Buying a home? The process can be stressful. A home inspection is supposed to give you peace of mind, but often has the opposite effect. You will be asked to absorb a lot of information and make important decisions in a short time. This often includes a written report, checklist, photographs, environmental reports, and what the inspector himself says during the inspection. All this combined with the seller’s disclosure and what you notice yourself makes the experience even more overwhelming. What should you do?
Relax. Most of your inspection report will be maintenance recommendations, life expectancies and minor imperfections. These are nice to know about. However, the issues that really matter will fall into three categories:
Major defects: Termed ‘Substantially Deficient’ by State Law, this refers either to an unsafe situation (very bad electrical wiring or a structural failure) or a non-functional system (air-conditioner or water heater that doesn’t work). Only some defects will be serious, while most can be easily, and inexpensively, handled. The Inspector, working with your lawyer, will help you to understand exactly what the real situation is and the best course of action for you to take.
Repair and/or Replace: Items that are broken or situations that may lead to major defects. Examples would include a small roof-flashing leak (which could lead, if not addressed, to a major roof repair), wall cracks or broken bathroom tile. The Inspector can give you advice on how to approach these kinds or defects. He has the experience and usually knows how to address these minor problems using the newest material and construction techniques.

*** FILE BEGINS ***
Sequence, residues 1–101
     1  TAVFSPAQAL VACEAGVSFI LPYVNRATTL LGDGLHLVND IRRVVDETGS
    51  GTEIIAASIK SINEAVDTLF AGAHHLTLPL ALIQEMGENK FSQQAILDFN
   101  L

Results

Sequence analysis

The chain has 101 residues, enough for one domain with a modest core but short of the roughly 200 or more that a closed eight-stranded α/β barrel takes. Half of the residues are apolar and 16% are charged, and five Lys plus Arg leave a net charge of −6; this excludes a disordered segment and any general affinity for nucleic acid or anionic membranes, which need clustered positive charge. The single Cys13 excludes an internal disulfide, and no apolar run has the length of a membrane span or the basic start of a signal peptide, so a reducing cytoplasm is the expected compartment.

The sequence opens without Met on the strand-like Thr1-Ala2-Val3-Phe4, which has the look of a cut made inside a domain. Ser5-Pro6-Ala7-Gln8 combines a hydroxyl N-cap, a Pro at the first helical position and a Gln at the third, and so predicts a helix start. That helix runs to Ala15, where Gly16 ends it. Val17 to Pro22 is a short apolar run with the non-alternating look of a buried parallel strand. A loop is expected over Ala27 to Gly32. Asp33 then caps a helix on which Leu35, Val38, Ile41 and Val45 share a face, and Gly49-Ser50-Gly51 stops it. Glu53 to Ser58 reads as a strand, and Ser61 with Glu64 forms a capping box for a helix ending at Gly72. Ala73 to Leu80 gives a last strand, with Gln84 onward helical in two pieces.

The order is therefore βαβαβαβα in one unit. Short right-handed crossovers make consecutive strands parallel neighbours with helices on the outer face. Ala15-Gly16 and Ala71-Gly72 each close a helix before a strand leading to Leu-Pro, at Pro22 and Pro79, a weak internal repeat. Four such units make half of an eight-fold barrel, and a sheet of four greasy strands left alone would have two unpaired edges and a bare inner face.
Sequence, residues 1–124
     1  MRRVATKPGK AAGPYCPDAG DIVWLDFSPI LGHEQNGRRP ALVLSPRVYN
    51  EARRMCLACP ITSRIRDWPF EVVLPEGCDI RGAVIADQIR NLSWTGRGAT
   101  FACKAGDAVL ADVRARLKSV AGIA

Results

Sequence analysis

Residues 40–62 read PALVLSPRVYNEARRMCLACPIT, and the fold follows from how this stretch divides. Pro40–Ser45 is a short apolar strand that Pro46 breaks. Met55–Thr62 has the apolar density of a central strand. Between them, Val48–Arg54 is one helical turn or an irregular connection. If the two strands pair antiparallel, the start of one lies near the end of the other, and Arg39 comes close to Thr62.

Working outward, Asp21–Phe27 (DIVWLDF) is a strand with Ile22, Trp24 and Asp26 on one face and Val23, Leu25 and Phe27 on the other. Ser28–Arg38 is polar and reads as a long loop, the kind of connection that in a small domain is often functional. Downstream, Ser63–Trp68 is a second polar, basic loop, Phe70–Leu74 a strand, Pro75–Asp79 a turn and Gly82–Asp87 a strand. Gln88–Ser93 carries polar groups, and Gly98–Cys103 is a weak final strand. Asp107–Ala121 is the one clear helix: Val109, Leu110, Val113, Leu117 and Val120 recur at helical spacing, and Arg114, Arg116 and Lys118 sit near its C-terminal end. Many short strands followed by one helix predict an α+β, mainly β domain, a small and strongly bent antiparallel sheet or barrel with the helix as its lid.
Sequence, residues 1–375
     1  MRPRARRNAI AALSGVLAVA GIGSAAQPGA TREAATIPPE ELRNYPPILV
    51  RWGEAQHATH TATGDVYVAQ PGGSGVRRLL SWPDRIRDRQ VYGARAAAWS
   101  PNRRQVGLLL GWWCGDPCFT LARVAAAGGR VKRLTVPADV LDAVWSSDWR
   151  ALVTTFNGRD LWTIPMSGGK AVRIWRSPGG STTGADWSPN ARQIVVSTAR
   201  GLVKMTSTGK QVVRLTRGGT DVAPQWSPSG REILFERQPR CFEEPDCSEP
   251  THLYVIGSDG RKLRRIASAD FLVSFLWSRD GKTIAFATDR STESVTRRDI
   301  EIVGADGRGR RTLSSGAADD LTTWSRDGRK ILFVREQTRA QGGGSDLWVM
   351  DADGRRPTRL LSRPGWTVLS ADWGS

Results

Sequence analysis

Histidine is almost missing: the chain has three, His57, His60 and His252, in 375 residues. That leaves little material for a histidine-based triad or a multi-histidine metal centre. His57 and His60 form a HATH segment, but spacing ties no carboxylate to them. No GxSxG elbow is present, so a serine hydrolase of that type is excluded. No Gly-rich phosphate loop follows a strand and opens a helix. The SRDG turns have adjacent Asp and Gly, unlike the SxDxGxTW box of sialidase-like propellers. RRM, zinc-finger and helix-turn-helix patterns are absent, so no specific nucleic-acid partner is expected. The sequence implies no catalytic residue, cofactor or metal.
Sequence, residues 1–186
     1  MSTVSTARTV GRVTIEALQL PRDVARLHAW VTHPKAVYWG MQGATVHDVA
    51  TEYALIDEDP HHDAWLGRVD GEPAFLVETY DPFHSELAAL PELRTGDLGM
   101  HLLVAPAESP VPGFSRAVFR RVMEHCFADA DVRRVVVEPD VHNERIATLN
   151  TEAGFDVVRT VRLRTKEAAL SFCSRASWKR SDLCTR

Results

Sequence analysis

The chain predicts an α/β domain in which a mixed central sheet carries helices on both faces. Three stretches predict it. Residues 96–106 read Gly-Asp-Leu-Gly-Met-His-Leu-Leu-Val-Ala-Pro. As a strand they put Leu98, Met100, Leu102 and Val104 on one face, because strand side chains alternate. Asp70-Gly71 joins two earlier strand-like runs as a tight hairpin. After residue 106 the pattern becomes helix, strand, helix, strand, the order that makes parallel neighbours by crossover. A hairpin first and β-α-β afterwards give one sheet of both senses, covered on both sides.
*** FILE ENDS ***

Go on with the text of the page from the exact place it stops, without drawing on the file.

Watch List: Items that should be watched or that will require repair or maintenance in the near future. An older roof that will probably have to be replaced in the next few years is a case in point, as is a water heater nearing the end of its useful life. It is always a good thing to know what you will have to plan for in the near future.
Usually, only items in the first category should be of any great concern, and very few such items are real deal breakers. Often a serious problem can be corrected quickly and inexpensively to protect both life and your property investment.
Most sellers are honest, and are often surprised to learn of defects uncovered during an inspection. Please, realize that sellers are under no obligation to repair everything mentioned in the report, but most of the time such items can be addressed by a selling price adjustment or a give-back at the closing. Your lawyer will be the best judge of what, if any, action should be taken and will negotiate the best deal for you.
Remember, no home is perfect. Keep things in perspective. Don’t kill your deal over things that really don’t matter. On the other hand, it is always wise to be aware of as much as you can before you find yourself legally (and financially) committed. It is inappropriate to demand that a seller address deferred maintenance, conditions already listed on the seller’s disclosure or nit-picky items.
“Trust, but verify” is always a prudent policy.